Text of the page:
Center for Public Research and Leadership
Americans seem to be of two minds about the death penalty.' In the last several years, the overall number of executions has risen steeply, reaching a fifty year high this year.2 Although two-thirds of the public support the penalty,3 this figure represents a sharp decline from the four-fifths of the population that endorsed the death penalty only six years ago, leaving support for capital punishment at a twenty year low.4 When life without parole is offered as an alternative, support for the penalty drops even more-often below a majority.' Grants of executive clemency reached a twenty year high in 1999. 6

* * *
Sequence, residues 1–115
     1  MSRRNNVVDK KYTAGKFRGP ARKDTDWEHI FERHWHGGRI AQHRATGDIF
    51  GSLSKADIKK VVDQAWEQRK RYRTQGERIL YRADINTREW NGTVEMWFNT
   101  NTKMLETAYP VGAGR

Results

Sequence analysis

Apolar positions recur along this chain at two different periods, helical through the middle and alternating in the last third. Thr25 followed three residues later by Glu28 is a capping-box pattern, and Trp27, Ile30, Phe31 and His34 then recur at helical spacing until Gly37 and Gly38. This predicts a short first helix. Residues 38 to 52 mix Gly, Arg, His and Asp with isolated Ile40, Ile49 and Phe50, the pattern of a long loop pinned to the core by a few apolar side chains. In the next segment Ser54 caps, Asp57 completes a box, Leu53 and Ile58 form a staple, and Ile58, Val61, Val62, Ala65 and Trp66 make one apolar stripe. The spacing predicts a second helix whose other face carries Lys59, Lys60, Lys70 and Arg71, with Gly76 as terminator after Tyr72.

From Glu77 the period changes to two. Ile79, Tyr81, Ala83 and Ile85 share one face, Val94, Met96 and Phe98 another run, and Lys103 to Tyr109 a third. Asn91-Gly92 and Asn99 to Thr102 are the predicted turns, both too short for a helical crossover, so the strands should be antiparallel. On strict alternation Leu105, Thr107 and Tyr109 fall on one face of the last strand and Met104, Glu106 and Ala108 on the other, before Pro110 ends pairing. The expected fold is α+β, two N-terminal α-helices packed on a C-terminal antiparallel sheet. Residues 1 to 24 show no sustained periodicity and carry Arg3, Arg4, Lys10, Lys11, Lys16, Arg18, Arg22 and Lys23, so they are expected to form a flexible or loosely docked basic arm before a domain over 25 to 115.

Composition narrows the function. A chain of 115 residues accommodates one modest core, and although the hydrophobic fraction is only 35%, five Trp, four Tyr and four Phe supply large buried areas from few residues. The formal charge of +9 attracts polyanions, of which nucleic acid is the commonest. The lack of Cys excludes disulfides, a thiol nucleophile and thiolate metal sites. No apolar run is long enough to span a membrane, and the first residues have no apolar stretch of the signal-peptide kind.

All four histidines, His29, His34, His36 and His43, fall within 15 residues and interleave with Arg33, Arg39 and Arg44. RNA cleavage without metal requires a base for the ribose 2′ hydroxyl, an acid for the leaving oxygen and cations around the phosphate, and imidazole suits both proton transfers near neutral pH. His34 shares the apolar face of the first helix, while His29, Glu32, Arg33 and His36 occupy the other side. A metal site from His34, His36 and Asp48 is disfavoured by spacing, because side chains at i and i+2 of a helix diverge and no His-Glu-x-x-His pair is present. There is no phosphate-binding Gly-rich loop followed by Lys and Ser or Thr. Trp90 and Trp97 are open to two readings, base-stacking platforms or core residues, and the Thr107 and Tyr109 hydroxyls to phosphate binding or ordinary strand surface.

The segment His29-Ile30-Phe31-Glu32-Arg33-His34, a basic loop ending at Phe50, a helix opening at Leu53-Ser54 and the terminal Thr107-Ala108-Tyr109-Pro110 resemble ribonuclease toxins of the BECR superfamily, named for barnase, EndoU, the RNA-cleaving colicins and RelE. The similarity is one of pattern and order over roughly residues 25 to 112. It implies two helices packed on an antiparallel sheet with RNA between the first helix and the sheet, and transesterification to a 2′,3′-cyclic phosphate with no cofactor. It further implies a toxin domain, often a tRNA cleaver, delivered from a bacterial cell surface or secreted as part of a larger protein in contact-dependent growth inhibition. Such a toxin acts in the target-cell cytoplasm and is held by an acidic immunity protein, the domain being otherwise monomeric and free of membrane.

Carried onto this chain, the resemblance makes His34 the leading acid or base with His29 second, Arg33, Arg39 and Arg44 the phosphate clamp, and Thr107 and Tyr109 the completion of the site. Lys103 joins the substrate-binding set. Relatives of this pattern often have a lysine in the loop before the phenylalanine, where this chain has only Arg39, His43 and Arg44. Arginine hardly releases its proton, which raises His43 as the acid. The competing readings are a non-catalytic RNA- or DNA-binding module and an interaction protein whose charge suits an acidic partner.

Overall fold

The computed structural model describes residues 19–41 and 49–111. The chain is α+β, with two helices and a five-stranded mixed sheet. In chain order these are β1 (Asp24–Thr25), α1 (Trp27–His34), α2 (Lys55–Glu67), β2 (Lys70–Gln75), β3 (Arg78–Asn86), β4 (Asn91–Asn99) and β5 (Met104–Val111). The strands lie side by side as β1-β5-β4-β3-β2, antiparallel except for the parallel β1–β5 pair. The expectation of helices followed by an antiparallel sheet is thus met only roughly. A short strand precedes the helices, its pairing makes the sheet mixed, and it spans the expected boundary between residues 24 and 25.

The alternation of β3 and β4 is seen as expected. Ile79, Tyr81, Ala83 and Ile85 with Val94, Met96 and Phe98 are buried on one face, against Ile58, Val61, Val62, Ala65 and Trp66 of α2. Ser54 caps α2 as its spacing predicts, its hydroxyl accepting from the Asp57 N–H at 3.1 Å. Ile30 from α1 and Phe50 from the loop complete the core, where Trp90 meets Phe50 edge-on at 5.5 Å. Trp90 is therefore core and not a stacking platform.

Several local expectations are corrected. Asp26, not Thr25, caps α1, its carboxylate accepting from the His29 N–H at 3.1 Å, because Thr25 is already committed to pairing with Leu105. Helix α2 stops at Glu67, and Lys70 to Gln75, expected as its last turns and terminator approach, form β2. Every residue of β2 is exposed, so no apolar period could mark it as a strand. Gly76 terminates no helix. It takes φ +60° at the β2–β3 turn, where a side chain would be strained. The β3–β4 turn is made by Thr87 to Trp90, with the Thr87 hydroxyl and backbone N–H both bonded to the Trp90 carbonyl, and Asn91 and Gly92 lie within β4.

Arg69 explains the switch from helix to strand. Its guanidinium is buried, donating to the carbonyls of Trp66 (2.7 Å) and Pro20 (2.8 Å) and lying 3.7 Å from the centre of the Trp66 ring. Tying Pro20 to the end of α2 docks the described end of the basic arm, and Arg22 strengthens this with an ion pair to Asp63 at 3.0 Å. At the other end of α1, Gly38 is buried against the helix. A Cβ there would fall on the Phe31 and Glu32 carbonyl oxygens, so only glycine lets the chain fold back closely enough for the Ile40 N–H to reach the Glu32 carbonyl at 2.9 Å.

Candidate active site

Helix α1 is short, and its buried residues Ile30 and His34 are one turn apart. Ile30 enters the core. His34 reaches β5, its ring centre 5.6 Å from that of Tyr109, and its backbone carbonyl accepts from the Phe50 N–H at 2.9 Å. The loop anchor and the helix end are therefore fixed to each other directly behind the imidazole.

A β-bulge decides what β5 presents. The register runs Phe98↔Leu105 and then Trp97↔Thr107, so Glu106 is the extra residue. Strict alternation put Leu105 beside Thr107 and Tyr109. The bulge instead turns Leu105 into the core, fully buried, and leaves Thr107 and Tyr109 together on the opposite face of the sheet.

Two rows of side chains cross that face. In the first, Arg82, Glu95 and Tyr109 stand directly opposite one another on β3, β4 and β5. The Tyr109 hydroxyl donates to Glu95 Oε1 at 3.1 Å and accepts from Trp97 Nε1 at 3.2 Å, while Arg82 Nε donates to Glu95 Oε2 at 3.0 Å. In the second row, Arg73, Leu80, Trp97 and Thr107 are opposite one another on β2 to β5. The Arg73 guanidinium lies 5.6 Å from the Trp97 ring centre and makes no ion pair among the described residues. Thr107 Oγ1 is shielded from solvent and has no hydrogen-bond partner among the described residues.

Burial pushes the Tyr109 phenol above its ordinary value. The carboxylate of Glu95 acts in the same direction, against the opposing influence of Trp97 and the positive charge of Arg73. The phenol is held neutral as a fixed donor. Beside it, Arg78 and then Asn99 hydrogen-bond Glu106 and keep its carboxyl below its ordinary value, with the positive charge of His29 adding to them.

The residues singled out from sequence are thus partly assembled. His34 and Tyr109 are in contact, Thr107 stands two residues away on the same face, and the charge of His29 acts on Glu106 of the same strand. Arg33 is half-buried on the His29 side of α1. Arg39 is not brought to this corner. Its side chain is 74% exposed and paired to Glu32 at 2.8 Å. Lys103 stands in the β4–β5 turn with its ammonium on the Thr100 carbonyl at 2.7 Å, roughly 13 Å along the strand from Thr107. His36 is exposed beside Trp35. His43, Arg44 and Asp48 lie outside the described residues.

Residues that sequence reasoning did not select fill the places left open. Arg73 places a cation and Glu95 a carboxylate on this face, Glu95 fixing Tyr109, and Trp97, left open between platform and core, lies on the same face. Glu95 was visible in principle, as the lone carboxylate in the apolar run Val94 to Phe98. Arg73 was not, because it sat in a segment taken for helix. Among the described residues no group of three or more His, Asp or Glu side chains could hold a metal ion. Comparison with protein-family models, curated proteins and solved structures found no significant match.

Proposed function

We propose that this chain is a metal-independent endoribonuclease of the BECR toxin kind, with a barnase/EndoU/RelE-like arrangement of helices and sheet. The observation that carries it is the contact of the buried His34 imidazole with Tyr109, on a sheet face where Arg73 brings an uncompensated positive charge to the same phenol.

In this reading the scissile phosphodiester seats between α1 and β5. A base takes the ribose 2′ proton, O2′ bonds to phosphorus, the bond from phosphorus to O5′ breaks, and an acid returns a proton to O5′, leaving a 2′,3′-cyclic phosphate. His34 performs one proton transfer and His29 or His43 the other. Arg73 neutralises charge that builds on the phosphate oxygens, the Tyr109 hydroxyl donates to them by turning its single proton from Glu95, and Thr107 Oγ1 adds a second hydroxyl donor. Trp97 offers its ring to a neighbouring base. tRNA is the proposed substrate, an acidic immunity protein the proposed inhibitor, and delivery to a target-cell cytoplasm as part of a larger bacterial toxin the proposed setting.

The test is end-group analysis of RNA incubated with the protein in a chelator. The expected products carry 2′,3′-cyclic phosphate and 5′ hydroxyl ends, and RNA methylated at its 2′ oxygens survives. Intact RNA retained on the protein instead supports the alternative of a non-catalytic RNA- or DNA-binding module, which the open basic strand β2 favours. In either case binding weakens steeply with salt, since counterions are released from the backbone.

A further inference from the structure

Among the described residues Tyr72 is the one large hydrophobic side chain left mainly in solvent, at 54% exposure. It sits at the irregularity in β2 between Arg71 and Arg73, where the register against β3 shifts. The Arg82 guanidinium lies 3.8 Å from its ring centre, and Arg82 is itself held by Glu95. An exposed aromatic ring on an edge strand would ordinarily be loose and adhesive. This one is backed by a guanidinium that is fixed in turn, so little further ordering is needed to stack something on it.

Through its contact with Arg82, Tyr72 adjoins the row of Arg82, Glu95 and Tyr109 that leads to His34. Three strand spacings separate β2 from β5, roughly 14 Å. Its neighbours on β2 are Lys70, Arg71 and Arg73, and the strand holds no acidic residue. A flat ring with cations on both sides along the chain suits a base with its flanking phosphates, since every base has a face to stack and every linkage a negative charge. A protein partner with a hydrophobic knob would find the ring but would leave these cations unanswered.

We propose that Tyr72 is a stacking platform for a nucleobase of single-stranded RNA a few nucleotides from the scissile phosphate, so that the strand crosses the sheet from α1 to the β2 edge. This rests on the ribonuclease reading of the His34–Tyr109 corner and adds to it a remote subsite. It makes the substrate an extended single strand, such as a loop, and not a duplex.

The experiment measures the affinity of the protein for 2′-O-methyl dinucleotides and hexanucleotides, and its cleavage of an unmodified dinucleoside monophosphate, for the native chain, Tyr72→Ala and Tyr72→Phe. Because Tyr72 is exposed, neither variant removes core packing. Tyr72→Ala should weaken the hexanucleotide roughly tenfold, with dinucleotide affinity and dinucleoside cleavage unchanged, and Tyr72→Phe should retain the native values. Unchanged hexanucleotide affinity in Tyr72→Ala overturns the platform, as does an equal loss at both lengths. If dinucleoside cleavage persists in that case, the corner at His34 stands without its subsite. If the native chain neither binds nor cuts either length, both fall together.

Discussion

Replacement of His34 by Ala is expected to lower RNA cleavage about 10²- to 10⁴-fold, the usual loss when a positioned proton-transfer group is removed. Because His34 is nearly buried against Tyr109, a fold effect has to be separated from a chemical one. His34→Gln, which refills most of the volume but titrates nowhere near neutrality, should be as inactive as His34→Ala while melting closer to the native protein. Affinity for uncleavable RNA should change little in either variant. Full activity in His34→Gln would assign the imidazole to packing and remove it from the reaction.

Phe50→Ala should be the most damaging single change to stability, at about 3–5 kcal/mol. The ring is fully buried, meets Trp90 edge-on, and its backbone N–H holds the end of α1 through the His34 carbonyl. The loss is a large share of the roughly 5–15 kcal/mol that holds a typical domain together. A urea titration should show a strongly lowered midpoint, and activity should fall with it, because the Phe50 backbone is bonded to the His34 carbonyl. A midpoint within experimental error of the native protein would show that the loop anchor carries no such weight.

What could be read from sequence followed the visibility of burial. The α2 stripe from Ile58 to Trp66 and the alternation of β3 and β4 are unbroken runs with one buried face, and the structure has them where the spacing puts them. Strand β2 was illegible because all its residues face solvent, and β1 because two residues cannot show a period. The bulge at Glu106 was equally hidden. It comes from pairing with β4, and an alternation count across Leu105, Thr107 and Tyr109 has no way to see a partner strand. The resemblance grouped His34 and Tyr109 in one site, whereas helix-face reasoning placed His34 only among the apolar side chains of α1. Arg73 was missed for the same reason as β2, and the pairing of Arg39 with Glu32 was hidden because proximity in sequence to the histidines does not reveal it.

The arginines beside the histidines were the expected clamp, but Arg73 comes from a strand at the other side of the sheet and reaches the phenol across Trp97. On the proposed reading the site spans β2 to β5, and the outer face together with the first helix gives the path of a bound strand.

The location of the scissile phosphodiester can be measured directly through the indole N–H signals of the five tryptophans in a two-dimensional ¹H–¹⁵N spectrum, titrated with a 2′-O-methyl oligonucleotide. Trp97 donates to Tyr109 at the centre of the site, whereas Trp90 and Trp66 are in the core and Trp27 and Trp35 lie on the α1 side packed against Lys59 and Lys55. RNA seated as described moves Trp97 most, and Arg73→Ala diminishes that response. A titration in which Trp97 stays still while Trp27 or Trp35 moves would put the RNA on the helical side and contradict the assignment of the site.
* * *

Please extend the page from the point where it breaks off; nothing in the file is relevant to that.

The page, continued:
James S. Liebman, Jeffery Fagan, Valerie West & Jonathan Lloyd,
Capital Attrition: Error Rates in Capital Cases, 1973-1995,
Tex. L. Rev.
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